January to March

I pretended to have a normal life, with a job, a house, a girlfriend and very occasionally a social life.

I went for some rides, a few short walks, snorkeled and did quite a few canyons. Oh and I went to Fiji!


January – a very wet walk on Middle Head

Canyoning can be so much hard work, especially waiting around while people try to repair their lilos.


March – Fiji and cyclones

 April to May

I stopped pretending to have a normal life, planned to go on an adventure and spent a fair bit of time in Western Australia. Continue reading



Snowdonia, the Brecon Beacons, everything in between – it is all hills! Big hills, long hills, steep hills, country hill, urban hills and then you get to the mountains.
For the past week I’ve been riding with Will and Ollie from Gloucester in England, down to the bridge over the Severn and up through every single hill to Bangor (next to Menai) (but not in the shire). To say it has been hilly would be an understatement, to say it has been amazing would be a downright crime against how beautiful this place is. Wales has been the first place in the UK where it has felt remote or like you aren’t just riding between villages. The mountain passes have been high and covered with flowering heather while in the cold valleys on the northern sides of the mountains the trees are showing their autumn leaves.

It has been such a great week I can only relate a few highlights and challenges, so here is an attempt at daily highlights.

Friday – riding along a rough canal path, getting my second puncture of the trip while with two mechanics and then discovering the puncture occured 500m from a pub with a beer deck where there was sunshine!

Saturday – getting to the top of a very large hill and finding ourselves dragged into a local’s birthday party, being fed and watered. Oh and my only 100km day of the trip.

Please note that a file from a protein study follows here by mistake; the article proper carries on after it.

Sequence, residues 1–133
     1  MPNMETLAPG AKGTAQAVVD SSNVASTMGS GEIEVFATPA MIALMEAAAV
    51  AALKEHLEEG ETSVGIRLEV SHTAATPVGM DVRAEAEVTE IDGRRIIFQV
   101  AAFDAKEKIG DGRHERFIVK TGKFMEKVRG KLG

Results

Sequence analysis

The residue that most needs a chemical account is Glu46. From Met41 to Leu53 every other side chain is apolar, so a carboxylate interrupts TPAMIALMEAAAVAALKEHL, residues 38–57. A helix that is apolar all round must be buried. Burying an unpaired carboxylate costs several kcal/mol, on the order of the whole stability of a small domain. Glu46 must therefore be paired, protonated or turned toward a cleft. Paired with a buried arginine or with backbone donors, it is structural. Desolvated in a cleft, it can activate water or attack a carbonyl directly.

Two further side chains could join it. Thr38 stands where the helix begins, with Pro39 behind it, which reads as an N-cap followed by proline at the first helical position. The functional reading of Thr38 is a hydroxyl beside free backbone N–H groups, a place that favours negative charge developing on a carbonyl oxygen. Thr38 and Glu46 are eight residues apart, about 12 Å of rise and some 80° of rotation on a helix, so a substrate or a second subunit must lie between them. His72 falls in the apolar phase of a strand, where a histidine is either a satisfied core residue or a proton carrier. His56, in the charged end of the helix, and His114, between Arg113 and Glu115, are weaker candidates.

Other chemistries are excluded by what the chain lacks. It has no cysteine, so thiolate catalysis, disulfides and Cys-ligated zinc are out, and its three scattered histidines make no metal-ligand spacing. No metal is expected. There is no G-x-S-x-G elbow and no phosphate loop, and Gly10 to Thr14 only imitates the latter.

Sunday – group photos in an abandoned priory and cresting our first major pass


Monday – dropping in on a local agricultural show to see golden sheep, eat local beef and lamb burgers, watch a demonstration of wood chopping and then watch dogs herd ducks.


Tuesday – finding a spare £4 pedal in a junk shop after mine seized, climbing the steepest pass I’ve seen and then riding at sunset down the rail trail beside the tidal estuary to Aberdovey Bar (location not venue)



Wednesday – another long day topped off with 20 odd kilometers of rail trail after some massive and brutal climbs that had me wondering if we could make it.



Iceland (pre-riding)

Well well well. I find myself in Iceland. Not find myself in the usual figurative sense of the word but in a somewhat literal sense. I arrived in Iceland on Sunday with no plan, no map, no idea how to get around or even the faintest clue of what I should see think or expect. Luckily two friends from Sydney, Will and Venetia, were in Reykjavik and instead of just offering advice have extended their stay here by two weeks and I now have some riding buddies with bikes even bigger and awesomer than mine.

While we haven’t really done much riding yet, and I have spent a lot of time chilling in the city checking things out it has been pretty spectacular all the same.








Thoughts on fatigue and days off

What a bloody week. Not literally, but after consistent rain, fog, strong winds amd temperatures brushing up towards the Sydney winter temps I am tired and exhausted.

As such I have holed up in a bunk room in Raasay House, one of the great british mansions now converted to a hotel, bunkhouse, cafe, pub and activities centre. Yesterday was so wet and miserable, think pedaling hard to get DOWN an 8% gradient with cold rain biting into your face and find the gaps between the waterproofs. Weather like this has not been uncommon over the past week, though the weather gods had been kind with tail winds.

So while I sit in a wind of the cafe drinking a soy latte and eating a bacon and egg roll I have put together some thoughts on rest days and fatigue.